The treatment of social meaning in sociolinguistic variation has come in three waves of analytic practice. The first wave of variation studies established broad correlations between linguistic variables and the macrosociological categories of socioeconomic class, gender, ethnicity, and age. The second wave employed ethnographic methods to explore the local categories and configurations that inhabit, or constitute, these broader categories. In both waves, variation was seen as marking social categories. This article sets out a theoretical foundation for the third wave, arguing that () variation constitutes a robust social semiotic system, potentially expressing the full range of social concerns in a given community; () the meanings of variables are underspecified, gaining more specific meanings in the context of styles, and () variation does not simply reflect, but also constructs, social meaning and hence is a force in social change.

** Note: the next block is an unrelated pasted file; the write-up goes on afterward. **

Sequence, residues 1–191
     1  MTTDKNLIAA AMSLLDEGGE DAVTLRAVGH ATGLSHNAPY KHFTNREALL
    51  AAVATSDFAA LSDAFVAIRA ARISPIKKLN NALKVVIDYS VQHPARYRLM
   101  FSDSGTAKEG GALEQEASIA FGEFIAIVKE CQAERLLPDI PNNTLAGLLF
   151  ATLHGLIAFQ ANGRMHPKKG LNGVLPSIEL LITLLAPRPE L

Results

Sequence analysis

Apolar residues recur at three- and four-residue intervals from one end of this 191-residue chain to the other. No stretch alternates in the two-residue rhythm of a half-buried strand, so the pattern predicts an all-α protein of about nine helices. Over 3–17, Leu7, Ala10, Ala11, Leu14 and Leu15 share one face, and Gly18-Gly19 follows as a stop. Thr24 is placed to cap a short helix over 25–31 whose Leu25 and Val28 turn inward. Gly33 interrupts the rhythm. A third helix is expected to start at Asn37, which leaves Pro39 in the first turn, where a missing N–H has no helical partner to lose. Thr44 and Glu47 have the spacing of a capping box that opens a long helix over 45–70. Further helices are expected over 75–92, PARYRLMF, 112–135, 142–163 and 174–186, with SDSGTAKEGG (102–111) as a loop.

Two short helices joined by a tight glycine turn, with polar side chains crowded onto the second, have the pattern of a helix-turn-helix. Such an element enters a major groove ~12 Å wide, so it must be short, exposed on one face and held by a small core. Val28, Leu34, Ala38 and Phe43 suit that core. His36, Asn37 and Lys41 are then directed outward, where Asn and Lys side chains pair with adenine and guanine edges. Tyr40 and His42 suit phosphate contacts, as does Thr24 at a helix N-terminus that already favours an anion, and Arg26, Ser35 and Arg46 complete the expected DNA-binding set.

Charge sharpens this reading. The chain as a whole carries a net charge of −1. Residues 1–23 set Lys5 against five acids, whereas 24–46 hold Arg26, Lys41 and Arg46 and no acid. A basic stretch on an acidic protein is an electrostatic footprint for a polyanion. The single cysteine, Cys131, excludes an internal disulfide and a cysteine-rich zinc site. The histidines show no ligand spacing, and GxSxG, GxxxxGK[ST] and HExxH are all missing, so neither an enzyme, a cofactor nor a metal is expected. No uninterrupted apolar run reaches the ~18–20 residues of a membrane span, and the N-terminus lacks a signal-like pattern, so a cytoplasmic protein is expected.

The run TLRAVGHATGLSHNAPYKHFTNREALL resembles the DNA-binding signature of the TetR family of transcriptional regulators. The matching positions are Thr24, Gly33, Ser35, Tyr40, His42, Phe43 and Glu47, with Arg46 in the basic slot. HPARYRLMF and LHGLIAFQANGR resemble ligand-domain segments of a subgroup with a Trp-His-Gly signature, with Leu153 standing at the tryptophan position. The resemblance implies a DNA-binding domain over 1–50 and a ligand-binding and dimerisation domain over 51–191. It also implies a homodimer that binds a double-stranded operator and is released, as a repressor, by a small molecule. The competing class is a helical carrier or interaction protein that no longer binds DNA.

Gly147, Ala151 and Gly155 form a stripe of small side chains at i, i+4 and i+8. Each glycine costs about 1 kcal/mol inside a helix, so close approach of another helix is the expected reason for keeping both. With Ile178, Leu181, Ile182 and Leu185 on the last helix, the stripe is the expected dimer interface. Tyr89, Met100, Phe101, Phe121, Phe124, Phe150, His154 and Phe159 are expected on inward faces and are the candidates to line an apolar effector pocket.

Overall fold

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  • Article Type: Review Article
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